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Collaborative public administration: Some lessons from the Israeli experience

Eran Vigoda‐Gadot (Department of Political Science, Faculty of Social Sciences, University of Haifa, Haifa, Israel)

Managerial Auditing Journal

ISSN: 0268-6902

Article publication date: 1 August 2004



Public administration is incrementally moving on a reform track that leads from responsiveness to collaboration. Attempts to enrich the discussion on the current state of new managerialism in public administration and to explain why and how it makes progress towards higher levels of cooperation and collaboration with various social players such as the private sector, the third sector, and citizens. Argues that in the end this is a socially desirable trend with meaningful benefits that reach far beyond the important idea of responsiveness. The idea of “collaborative” administration thus challenges “responsive” public administration. Maintains that the collaborative model, whether bureaucracy‐driven, citizen‐driven, or private‐sector‐driven, is realistic and beneficial even if it cannot be fully applied. Goes on to describe two major experiences from the Israeli arena. Finally, summarizes the theoretical and practical experiences that can be learned from these ventures and elaborates on the future of collaboration in modern public administration.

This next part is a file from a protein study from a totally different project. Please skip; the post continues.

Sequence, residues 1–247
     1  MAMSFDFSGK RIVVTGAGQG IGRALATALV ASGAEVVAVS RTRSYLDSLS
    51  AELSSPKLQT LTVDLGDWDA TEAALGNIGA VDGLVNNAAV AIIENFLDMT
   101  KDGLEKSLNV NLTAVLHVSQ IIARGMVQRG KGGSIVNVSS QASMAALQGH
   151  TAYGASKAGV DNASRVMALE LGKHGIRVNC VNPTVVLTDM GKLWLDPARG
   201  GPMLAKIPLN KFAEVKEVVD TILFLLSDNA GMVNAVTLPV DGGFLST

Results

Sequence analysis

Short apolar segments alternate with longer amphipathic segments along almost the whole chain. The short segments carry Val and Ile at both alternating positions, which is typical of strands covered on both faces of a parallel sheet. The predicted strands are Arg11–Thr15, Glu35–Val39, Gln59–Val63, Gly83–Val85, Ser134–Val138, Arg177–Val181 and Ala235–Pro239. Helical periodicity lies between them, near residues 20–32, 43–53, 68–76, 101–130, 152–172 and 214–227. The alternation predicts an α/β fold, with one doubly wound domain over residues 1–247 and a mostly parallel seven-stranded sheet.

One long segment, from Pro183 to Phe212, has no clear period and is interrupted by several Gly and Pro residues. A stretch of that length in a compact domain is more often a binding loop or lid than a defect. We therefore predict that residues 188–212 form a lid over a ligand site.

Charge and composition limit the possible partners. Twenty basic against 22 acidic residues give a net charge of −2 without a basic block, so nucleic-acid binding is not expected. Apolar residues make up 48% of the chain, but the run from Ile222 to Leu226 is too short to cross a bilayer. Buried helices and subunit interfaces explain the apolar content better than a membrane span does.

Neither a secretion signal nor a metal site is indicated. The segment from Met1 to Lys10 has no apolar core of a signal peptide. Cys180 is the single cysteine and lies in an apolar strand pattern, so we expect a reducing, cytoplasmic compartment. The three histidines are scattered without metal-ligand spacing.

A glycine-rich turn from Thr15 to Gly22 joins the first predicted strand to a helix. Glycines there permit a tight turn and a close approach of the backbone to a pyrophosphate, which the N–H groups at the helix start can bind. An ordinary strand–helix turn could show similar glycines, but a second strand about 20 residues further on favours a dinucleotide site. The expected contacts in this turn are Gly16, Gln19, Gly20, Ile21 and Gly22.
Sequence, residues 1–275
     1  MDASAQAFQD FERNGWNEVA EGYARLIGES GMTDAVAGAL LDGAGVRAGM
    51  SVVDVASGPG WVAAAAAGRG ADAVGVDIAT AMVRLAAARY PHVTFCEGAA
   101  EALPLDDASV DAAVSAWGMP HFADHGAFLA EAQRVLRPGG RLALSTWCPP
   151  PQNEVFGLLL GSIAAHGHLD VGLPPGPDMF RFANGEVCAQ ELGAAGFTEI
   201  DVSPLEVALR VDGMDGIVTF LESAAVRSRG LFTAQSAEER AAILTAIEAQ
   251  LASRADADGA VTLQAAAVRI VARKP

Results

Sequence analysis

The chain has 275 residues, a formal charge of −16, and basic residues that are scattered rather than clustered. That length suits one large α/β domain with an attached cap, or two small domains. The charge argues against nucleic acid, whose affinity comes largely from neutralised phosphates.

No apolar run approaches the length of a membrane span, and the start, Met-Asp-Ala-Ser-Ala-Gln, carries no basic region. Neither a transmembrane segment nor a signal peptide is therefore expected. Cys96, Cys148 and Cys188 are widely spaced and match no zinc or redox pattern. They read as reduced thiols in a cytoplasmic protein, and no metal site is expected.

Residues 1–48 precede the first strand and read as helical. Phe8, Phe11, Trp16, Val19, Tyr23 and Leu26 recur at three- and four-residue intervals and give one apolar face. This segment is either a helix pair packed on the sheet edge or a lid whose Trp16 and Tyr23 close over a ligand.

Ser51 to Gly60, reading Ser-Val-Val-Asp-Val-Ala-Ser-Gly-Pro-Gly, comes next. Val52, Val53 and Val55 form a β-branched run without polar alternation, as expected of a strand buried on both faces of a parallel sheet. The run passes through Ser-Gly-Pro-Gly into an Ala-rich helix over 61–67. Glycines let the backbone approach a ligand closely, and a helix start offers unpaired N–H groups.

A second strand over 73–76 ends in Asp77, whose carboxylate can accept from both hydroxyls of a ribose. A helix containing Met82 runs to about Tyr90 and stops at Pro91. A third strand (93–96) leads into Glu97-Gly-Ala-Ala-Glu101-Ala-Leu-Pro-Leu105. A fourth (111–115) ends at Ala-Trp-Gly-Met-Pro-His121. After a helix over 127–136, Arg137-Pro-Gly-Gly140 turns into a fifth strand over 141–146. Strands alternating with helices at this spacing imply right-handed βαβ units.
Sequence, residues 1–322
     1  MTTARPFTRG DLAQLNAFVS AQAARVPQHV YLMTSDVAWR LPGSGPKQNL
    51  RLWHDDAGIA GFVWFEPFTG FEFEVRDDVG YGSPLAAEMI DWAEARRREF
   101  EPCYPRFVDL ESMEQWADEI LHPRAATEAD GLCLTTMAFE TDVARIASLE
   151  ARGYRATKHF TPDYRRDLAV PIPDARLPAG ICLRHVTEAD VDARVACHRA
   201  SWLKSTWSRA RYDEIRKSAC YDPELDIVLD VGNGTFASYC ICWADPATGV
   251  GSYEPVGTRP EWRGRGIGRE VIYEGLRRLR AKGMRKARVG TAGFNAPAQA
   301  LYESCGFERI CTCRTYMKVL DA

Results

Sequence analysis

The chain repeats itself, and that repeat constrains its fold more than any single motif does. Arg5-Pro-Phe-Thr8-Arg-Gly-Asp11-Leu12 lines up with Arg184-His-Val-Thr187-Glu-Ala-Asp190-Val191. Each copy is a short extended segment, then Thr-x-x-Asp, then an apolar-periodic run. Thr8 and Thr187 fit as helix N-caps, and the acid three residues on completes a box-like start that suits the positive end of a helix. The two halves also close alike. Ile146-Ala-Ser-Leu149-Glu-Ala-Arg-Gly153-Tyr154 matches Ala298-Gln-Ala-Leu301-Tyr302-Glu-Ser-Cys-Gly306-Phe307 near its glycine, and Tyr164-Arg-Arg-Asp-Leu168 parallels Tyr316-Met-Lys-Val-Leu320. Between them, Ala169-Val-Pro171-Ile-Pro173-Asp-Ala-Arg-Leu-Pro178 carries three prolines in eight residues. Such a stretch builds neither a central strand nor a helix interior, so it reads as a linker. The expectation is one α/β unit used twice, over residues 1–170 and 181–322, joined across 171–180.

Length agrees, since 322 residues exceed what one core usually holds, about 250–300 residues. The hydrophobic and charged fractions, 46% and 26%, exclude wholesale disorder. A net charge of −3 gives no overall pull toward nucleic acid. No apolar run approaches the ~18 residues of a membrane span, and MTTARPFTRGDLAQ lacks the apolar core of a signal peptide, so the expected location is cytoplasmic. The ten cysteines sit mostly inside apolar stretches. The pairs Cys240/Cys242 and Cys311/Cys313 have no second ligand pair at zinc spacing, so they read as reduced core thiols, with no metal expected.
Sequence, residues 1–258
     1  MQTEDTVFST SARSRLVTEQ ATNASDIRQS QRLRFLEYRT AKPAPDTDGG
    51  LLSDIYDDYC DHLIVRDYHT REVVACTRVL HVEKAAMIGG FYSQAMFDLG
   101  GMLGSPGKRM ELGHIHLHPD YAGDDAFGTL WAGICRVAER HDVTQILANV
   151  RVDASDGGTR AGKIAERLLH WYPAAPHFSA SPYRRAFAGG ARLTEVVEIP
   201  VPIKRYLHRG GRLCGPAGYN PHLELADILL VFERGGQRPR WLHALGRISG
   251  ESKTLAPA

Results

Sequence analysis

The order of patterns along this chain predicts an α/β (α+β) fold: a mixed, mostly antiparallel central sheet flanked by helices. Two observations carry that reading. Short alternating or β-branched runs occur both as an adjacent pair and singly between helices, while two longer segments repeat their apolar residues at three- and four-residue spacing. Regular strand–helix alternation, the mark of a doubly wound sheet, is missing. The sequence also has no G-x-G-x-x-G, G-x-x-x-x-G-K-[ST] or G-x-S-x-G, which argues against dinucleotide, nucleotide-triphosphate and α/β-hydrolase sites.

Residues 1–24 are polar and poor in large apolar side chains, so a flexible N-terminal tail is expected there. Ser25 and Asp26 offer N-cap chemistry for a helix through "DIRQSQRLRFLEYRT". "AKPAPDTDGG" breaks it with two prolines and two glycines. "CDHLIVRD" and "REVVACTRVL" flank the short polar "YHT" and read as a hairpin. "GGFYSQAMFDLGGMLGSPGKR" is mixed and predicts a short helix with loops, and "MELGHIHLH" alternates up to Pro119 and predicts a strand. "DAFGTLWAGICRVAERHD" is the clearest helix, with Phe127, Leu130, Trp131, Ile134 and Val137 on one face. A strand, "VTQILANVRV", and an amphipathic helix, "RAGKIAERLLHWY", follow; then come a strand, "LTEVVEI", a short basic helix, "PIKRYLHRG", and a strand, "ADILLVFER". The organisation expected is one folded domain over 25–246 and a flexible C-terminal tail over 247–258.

Vigoda‐Gadot, E. (2004), "Collaborative public administration: Some lessons from the Israeli experience", Managerial Auditing Journal, Vol. 19 No. 6, pp. 700-711.



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Copyright © 2004, Emerald Group Publishing Limited

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